Who wants to walk in for 9 hours up a river valley into snowy and freezing conditions for the weekend? Yes, you guessed it… Peak 34 was a planned 3 day trek into Barker Hut in Arthur’s Pass National Park and a go at Mt Murchison on the middle day and Mt Harper on the final day, both in glorious conditions and sunshine.
The day started early in Christchurch, driving to Klondyke Corner to start and along the DOC track to Carrington Hut walking along the Waikmakariri for approximately 15km. The last time I was on the Waimak was when I raced the Avalanche Peak race, and swore I’d never set foot in that river valley again. It’s a flat, rocky, hot river bed (with amazingly cool glacial fed rivers) great for twisting ankles and bruising the soles of your feet. In the race I ran the far side of the river from the Crow River, so this was a nice change having a semi-permanent track to walk along for the first hour or so to Anti-Crow Hut and along the true right of the river.
I had assumed that this would be monotonous, but in fact the views totally made up for the long walk on boulders, shale and sand. The sights of Mt Rolleston and Rome ridge shining in the distance, Mt Harper from the front, Carrington Peak in it’s majestic cloud covered ‘Patagonian’ style peaks all covered in snow.
After a few hours it felt like you were in the middle of the Wilderness, no one to be seen, just you against the elements.
We reached Carrington Hut (myself Dave and Andy, a true Yorkshireman) after 4 hours of walking and met up with the rest of the gang to make the group total seven. Carrington Hut was first built in 1929 by members of the Canterbury Mountaineering Club (CMC) and is now one of the largest and most extravagant huts in Canterbury, boasting 26 beds, 2 lounges and a brand new fireplace. We stopped here for a lunch break before continuing up the White River (for another 4-5 hours) towards our end destination, Barker Hut.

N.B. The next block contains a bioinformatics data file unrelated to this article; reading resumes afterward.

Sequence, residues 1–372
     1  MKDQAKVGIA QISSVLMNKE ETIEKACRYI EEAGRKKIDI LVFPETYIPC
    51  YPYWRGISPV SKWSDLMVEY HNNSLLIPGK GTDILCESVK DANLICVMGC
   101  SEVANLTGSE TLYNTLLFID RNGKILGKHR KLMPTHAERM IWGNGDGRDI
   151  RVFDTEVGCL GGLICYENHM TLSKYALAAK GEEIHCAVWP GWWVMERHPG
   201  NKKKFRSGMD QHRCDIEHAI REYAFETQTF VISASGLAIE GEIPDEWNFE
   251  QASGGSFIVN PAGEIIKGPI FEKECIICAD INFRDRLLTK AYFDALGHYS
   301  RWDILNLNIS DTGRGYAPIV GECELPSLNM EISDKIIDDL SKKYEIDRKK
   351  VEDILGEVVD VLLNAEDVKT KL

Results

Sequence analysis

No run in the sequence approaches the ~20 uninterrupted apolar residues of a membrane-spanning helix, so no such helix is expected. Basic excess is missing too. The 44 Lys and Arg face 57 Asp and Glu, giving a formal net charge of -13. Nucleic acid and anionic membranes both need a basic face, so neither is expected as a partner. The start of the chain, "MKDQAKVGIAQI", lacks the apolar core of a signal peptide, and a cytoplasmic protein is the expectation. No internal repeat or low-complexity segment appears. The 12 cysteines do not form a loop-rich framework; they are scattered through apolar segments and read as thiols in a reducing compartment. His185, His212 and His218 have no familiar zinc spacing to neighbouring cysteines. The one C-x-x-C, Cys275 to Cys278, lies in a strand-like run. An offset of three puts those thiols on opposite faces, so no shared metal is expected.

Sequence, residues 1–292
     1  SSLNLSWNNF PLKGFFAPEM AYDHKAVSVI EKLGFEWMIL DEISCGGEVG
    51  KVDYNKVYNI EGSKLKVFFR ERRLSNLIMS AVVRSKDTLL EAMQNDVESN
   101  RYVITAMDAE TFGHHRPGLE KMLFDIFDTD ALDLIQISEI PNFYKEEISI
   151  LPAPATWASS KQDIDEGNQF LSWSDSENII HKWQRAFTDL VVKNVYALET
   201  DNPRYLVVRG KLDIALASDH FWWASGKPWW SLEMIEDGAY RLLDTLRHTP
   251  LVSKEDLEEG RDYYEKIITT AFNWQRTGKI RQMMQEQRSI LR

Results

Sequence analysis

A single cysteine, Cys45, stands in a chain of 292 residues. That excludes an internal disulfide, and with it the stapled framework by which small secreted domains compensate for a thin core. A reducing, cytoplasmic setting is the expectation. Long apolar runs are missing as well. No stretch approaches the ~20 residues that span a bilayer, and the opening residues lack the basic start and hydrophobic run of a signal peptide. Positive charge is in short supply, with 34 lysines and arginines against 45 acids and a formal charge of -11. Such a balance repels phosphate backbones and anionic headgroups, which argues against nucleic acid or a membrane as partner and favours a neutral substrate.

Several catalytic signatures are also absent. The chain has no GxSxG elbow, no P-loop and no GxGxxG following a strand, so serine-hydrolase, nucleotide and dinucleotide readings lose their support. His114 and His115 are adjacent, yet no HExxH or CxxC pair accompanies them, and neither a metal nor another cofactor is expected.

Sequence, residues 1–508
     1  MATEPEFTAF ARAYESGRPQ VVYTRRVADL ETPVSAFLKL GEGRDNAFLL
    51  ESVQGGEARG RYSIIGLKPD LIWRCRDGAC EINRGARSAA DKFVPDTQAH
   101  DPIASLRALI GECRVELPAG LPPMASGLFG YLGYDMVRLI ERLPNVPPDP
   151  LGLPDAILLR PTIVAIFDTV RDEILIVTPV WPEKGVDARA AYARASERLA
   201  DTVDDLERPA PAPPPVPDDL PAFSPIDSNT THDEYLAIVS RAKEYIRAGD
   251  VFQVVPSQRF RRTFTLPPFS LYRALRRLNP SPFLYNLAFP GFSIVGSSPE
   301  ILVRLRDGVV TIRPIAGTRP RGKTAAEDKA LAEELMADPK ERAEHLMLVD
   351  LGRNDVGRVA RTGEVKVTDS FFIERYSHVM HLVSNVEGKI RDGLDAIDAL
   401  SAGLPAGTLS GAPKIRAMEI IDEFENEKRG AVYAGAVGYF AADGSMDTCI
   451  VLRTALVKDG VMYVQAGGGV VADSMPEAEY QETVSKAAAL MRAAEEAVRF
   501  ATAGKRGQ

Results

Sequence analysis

The White River was spectacular, 2000m mountains encase this valley and make you feel insignificant while you boulder hop across the river, traverse the tussocky slopes and cross avalanche debris from the glaciers in the hanging valleys above.
Trail shoes were a must on the Waimak – without them my feet would have exploded from the constant pounding.
In the steeper ground, however, we swapped into mountain boots with the terrain getting tougher into snow and steeper terrain. The mind boggling thing about Barker Hut is that you can see if for at least the last 8km of the walk in – perched high up on the rocky outcrop; in-front of Mt Murchison and the White glacier. It’s great to see where you are heading, but takes another 3 hours to reach through the valley.
The ‘high route’ up the White Valley was tricky to find, as it heads into the tussocks before the river narrows into a sharp gulley. We found it after a while of searching, not much of a path, but worth staying out of the steep walled river for a while. After crossing several avalanche paths (relics from the snow falls earlier in the season), the final ascent to Barker Hut was made obvious.
The route is typically more difficult in Winter due to snow bridges, the river being high with snow melt, and general issues with boulders moving downstream. This time, we were lucky and found a good spot to cross, and onto the final 100m climb to Barker Hut well before dark.